As to the equal protection claim, the district court awarded attorneys’ fees after it found that Payne’s allegation of being treated differently because of his religion was “based on nothing but speculation and conjecture.” We conclude that the district court’s assessment of the evidence was not clearly erroneous, and the district court did not otherwise abuse its discretion in awarding attorneys’ fees for this reason.7 See, e.g., Doe v. Silsbee Indep. Sch. Dist., 440 Fed.Appx. 421, 426 (5th Cir. 2011) (citing Walker v. City of Bogalusa, 168 F.3d 237, 240 (5th Cir. 1999)).
ii. Title VII Claims
Under Title VII, the district court may, in its discretion, award reasonable attorneys’ fees to the prevailing party, so long as the prevailing party is not the United States. 42 U.S.C. § 2000e-5(k). “[T]he Supreme Court has held that a successful defendant can only recover [Title VII] fees if ‘the plaintiff’s action was frivolous, unreasonable, or without foundation.’ ” Autry, 704 F.3d at 349 (quoting Christiansburg Garment Co. v. EEOC, 434 U.S. 412, 421–22, 98 S.Ct. 694, 54 L.Ed.2d 648 (1978)). Accordingly, “we have generally affirmed awards of attorney’s fees where the plaintiff’s civil rights claim lacks a basis in fact or relies on an undisputably meritless legal theory.” Silsbee, 440 Fed.Appx. at 425.
The district court awarded attorneys’ fees under Title VII for claims against the individual defendants. It found that Payne asserted frivolous Title VII claims because there was no dispute that the individual defendants were not Payne’s employer and individuals are not liable under Title VII unless they are employers. Payne’s claim that he limited his Title VII allegations to the University is belied by the language of his complaint that hurls allegations indiscriminately against “defendants.” For example, in one instance he claims that the “acts” of the “individual Defendants” “violate Title VII,” and, in another, that the “Defendants have violated both Title VII [and] 42 U.S.C. § 1983.” Payne does not dispute that it was obvious from the outset that the individual defendants could not be sued under Title VII. We, therefore, find no abuse of discretion in the award of attorneys’ fees under Title VII.
iii. State Claims
Under Mississippi’s Litigation Accountability Act, “the court shall award ... reasonable attorney’s fees and costs against any party or attorney if the court ... finds that an attorney or party brought an action, or asserted any claim or defense, that is without substantial justification....” MISS. CODE ANN. § 11–55–5(1). A claim is without substantial justification when “it is frivolous, groundless in fact or in law, or vexatious, as determined by the court.” Id. § 11–55–3(a). Furthermore, a claim is frivolous “only when, objectively speaking, the pleader or movant has no hope of success.” McBride v. Meridian Pub. Imp. Corp., 730 So.2d 548, 554 (Miss. 1998) (citing Stevens v. Lake, 615 So.2d 1177, 1184 (Miss. 1993)).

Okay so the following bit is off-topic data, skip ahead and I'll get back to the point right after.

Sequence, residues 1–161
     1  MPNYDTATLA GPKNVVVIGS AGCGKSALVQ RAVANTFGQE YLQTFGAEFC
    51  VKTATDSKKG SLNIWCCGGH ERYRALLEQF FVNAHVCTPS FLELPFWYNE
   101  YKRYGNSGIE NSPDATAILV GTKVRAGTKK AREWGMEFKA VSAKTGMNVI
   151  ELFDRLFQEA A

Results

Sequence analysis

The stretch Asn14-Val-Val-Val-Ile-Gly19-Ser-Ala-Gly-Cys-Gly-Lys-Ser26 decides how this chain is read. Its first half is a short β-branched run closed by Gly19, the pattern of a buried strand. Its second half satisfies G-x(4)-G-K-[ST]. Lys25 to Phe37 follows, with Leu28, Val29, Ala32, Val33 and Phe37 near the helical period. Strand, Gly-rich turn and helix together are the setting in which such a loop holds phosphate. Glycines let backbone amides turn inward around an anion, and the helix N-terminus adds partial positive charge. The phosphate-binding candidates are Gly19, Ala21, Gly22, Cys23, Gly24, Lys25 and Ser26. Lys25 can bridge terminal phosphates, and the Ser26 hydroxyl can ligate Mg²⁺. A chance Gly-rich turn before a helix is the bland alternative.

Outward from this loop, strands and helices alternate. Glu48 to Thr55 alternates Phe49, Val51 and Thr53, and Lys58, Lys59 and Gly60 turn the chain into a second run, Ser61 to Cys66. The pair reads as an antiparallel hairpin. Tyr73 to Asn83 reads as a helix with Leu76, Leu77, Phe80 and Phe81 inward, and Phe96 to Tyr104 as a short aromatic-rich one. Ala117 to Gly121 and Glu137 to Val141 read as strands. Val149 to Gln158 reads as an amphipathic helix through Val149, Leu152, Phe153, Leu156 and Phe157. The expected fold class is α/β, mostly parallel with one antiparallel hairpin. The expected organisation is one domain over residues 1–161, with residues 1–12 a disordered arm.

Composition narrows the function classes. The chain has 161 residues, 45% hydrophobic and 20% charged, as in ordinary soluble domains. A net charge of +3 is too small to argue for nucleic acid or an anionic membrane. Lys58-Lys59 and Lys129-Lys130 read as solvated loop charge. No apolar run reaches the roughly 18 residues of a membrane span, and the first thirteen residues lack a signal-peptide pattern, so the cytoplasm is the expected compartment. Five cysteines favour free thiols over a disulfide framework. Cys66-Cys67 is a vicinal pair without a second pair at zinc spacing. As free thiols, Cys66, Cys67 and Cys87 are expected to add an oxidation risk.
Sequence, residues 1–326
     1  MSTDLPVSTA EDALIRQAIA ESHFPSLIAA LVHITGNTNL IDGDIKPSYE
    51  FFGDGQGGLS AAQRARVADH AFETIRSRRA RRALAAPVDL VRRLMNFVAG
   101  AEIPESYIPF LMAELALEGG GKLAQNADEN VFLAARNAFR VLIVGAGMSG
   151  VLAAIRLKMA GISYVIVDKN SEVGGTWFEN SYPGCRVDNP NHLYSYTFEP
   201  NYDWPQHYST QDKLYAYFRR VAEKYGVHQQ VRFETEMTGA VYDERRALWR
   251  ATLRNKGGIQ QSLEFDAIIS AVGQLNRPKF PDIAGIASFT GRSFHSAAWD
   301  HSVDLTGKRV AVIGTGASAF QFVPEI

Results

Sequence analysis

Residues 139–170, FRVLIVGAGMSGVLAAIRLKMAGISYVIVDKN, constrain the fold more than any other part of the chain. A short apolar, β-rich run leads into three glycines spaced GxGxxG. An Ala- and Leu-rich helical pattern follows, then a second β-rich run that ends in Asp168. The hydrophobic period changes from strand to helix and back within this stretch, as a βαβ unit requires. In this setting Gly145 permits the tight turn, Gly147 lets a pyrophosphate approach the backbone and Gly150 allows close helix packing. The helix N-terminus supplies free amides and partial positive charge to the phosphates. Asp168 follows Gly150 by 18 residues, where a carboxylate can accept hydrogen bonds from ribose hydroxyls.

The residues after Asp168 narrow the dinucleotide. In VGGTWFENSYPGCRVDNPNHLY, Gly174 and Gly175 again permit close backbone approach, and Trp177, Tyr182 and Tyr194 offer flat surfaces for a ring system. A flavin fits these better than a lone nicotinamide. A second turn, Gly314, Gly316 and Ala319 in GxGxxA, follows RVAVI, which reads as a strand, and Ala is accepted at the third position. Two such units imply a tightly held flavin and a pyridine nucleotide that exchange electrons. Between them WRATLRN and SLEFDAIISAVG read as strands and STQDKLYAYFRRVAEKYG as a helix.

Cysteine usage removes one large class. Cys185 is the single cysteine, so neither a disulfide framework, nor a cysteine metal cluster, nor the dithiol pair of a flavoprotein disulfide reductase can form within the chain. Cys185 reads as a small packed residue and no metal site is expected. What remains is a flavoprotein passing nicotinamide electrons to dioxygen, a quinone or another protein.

The district court awarded attorneys’ fees on Payne’s breach of contract and negligence-based state claims. We hold that the district court did not abuse its discretion. As to the breach of contract claim, Payne’s complaint clearly alleges that all of the defendants, including the individual defendants, had an employment contract with Payne and breached that contract. As the district court correctly noted, it is undisputed that the individual defendants were never parties to Payne’s employment contract.
As to the negligence-based claims, it is undisputed that the individual defendants have immunity from negligent conduct occurring during the course and scope of their duties. See MISS. CODE ANN. § 11-46-7(2). Payne does not argue otherwise, but merely points out that he did not pursue the negligence claims at the summary judgment stage. The district court limited those fees to the fees incurred while defending against such claims prior to Payne conceding the claims at summary judgment. Accordingly, the district court did not abuse its discretion.